Active surveillance following radical orchiectomy is an effective treatment strategy for men with stage I seminoma.
Mette Saksoe Mortensen, MD
Active surveillance following radical orchiectomy is an effective treatment strategy for men with stage I seminoma, according to a large database analysis presented during an ASCO press conference.
This study represents the largest published analysis to support surveillance as a preferred management option for patients with stage I seminoma, researchers indicated. ASCO spotlighted the study in advance of its annual meeting, scheduled for May 31 - June 4 in Chicago, Illinois, where the abstract will be presented.
Seminomas are a less aggressive form of testicular cancer that can generally be cured with radiation therapy or carboplatin following primary surgery. However, some of the long-term side effects of treatment include secondary gastrointestinal cancers and leukemia, warranting a shift toward surveillance. This need is further enhanced by the commonly young age at diagnosis.
“To our knowledge, this study is the largest to address this issue in patients with stage I seminoma, and with the longest follow-up," said Mette Saksoe Mortensen, MD, from the Copenhagen University Hospital in Denmark. “Now we have solid proof that surveillance is safe and appropriate for most patients with this particular cancer.”
In the database analysis, researchers identified 1822 patients with stage I seminoma who were managed with surveillance between 1984-2008. This data was merged with a national registry allowing the Danish researchers to follow patient outcomes until December 2012. For their analysis, researchers examined relapses and the probability of surviving cancer in the absence of other causes of death, labeled as cancer specific survival (CSS).
After a median of 15.4 years, relapses were observed in a total of 355 Â patients (19.5%), 257 patients relapsed within the first 2 years, 72 relapsed between years 2 and 5, and 26 relapsed after 5 years. Overall, the median time to relapse was 13.7 months and the 10-year CSS for patients treated with surveillance was 99.6%. Following relapse, patients with stage I seminoma can still be effectively cured using radiation or chemotherapy. As a result, only 10 patients died of cancer or treatment-related causes over the course of the study.
As part of the study, researchers also interrogated tissue samples for prognostic markers of relapse that could be used to help guide treatment decisions. Across these analyses, vascular invasion, tumor size >4 cm, and serum human chorionic gonadotropin >200 IU/L were all predictive factors for relapse.
"We also characterized key prognostic factors for relapse, which can help us identify 'high-risk' patients who may need adjuvant therapy instead of surveillance," Mortensen noted. "However, in general, seminoma stage I patients can safely be followed on a surveillance program."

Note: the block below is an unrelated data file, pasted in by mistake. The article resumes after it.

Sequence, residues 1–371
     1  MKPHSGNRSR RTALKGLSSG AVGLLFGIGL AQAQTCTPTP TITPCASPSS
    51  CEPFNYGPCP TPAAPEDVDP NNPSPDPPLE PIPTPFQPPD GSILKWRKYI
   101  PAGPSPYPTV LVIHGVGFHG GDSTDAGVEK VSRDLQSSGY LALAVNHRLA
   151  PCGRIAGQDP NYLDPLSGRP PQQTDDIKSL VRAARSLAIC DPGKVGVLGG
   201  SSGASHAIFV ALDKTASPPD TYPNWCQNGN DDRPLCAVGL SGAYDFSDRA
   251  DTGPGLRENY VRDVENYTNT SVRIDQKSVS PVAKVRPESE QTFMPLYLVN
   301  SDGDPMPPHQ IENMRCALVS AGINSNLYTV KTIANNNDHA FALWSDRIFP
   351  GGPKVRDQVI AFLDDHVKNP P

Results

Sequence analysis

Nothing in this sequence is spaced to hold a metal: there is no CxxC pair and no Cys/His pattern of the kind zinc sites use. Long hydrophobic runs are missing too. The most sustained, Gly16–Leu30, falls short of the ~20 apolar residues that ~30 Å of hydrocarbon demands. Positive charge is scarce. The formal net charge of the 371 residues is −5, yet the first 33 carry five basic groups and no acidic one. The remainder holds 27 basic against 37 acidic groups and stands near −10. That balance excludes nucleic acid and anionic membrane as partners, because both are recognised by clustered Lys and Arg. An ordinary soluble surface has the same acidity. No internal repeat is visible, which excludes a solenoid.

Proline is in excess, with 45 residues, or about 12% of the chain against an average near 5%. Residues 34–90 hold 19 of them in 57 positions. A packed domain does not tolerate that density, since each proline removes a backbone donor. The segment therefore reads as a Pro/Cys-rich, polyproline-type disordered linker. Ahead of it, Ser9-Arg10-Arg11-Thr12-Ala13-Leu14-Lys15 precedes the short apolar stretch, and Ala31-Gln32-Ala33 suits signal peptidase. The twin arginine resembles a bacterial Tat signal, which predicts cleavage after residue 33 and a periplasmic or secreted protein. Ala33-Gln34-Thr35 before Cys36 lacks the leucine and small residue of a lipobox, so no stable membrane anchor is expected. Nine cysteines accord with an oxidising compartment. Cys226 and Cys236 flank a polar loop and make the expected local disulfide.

The current strategy for surveillance calls for 5 years of follow-up, with frequent physical exams, blood tests, CT scans, and x-rays for the first 2 years followed by a less strenuous approach for the remaining 3 years. Concerns over the costs associated with this approach are a leading roadblock to the widespread adoption of surveillance for patients with stage I seminoma. As a result of these concerns, the National Comprehensive Cancer Network (NCCN) updated its 2012 guidelines to include fewer imaging and lab tests after orchiectomy. This adjustment prompted an investigation into the costs associated with each management strategy for patients with stage I seminoma.
In this analysis, presented at the 2013 Genitourinary Cancers Symposium, the differences in costs were significantly narrowed by the NCCN recommendations. However, when the expenses associated with salvage therapy following relapse were included, surveillance was more costly than other options. Unfortantely, the study had several limitations, the authors admitted, since it did not include long-term costs associated with follow up care or quality-adjusted data.
Placing these findings into perspective, Clifford A. Hudis, MD, said, "This important study is one of several recent reminders that sometimes 'less is more' in patient care. Opting for surveillance spares patients, most of whom are young men, from the harmful side effects of chemotherapy and radiation without diminishing their chances for a long and healthy life." Hudis is the ASCO President-Elect and chief of the Breast Cancer Medicine Service and attending physician at Memorial Sloan-Kettering Cancer Center in New York.
Mortensen MS, Gundgaard MG, Lauritsen J. A nationwide cohort study of surveillance for stage I seminoma. J Clin Oncol. 2013;(suppl; abstr 4502).